For a non-production environment, you can use spot instances, which can help you save huge amounts of money.
What are spot instances?
Amazon sells its server Spot. This means Amazon sells its leftover server space that it has been unable to sell without using a data center. The server is the same server that they provide with the on-demand option. The significant difference is that Amazon can request the server back at 2 minutes' notice (this can cause your services to have an interruption). On the other hand, Amazon pricing optimization can help reach a discount of up to 90%. In most cases, the chances of them asking for the servers back is very low (around 5%).
You can use spot instances by creating a spot fleet in your Auto-scaling groups and selecting the spot fleet instances based on your service requirements.
Use the minimum instance type required for the service type
Always select the instance type based on the service requirement, check the amount of memory and CPU that the service will use, and then select the instance type.
If you do not use the right type of instance for your service, it may be possible that the instance is not being utilized to its fullest capacity, and you will be adhering to the cost of the instances.
Use 50% volume size as compared to the production environment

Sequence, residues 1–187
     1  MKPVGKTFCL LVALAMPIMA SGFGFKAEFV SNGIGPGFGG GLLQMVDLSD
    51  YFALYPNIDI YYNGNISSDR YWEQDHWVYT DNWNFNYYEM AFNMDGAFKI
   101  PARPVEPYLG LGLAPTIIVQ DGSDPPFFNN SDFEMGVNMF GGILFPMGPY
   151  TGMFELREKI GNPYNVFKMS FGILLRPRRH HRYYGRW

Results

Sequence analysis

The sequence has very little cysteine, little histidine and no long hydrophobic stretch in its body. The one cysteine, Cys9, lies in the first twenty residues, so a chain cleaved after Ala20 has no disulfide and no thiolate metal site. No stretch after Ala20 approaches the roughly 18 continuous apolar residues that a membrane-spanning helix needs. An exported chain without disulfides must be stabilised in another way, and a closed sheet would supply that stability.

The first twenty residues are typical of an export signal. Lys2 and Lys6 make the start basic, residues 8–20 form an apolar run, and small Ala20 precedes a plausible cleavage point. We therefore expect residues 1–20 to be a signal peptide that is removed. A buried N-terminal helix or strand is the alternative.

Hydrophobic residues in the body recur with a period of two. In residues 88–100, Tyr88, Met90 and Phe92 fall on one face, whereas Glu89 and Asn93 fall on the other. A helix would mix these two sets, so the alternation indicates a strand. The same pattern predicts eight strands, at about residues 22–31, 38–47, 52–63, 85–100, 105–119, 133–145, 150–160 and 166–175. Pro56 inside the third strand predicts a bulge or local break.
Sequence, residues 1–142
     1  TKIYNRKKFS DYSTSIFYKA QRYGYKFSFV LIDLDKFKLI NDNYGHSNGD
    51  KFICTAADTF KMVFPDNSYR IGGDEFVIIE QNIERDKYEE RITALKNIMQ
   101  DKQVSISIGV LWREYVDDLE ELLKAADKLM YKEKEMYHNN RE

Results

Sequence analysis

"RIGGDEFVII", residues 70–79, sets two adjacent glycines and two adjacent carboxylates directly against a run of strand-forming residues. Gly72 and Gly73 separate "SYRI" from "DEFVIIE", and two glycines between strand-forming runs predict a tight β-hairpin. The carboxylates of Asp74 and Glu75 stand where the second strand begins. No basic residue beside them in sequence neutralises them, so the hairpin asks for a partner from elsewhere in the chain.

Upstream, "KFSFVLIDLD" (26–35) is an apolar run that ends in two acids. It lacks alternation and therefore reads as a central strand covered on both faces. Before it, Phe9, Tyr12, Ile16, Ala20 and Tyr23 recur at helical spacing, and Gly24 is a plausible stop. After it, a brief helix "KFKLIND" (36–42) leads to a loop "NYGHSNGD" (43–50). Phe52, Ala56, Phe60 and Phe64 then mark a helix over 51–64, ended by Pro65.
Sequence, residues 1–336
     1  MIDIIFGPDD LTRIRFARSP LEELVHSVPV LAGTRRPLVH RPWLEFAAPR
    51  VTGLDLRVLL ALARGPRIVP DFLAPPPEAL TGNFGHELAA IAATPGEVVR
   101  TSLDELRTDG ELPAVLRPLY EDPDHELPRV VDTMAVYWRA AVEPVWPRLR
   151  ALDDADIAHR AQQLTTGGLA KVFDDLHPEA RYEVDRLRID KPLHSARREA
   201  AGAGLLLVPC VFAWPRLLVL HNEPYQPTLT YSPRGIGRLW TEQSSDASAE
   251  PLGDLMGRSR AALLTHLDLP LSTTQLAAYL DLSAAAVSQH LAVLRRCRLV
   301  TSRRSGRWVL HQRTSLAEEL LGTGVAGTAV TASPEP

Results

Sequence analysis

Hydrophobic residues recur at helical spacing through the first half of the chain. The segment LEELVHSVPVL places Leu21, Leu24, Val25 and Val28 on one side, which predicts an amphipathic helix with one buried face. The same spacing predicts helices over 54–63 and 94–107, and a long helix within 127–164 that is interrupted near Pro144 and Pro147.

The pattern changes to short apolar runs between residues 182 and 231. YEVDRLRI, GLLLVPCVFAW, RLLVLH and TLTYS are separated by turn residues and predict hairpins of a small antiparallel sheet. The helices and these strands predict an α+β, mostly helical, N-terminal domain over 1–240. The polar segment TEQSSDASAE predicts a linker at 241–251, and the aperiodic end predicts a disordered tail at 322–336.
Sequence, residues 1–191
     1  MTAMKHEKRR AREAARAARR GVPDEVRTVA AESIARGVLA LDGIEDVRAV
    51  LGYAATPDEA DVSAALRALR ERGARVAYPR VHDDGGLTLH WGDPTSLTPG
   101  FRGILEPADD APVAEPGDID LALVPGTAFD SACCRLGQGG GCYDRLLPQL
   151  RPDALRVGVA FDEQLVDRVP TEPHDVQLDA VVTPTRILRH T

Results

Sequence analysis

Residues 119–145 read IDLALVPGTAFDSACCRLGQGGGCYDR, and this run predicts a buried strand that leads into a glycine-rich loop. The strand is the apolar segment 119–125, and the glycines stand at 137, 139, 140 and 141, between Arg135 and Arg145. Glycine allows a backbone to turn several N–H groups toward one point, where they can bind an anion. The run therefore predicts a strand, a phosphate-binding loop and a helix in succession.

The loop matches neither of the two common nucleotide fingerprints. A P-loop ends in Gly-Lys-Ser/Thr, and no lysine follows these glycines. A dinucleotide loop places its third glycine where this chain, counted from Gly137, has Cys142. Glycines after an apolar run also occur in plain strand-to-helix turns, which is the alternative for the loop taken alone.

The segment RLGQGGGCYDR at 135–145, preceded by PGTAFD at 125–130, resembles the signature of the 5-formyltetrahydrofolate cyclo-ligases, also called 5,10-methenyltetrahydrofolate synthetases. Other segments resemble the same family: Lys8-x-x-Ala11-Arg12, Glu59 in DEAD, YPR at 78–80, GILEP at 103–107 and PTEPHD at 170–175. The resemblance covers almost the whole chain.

While using the volumes for EC2 instances always uses 50% less capacity than what is being used for the production environment. Because production environments handle more amount of data than non-production, it will be a wastage of resources if we use the same volume as production.
Don't use clusters in a non-prod environment
Some services, like Hazelcast, Rabbitmq, etc., need clusters when the amount of data is high. But in the case of a non-production environment, we can use a single node only because the non-prod environment is used for testing only, and clustering the resources would generate additional costs for the infrastructure.
Replica of application to one until it is required by the development team for high load
While using EKS/ECS for microservices architecture in non-production environments, always keep the count of replicas to one. For non-prod, a single replica of the service is enough. Using a high replica count will result in additional costs. You can increase the replica count when it is needed by the development team for testing purposes.
Setting backup of Logs for Cloudwatch, S3, etc.
Logs amount to high costs if they don't have a suitable retention period. Storing logs for a large amount of time generates lots of costs.
To bring your bill down, set the retention period of the logs to the minimum desired time that doesn't affect your needs.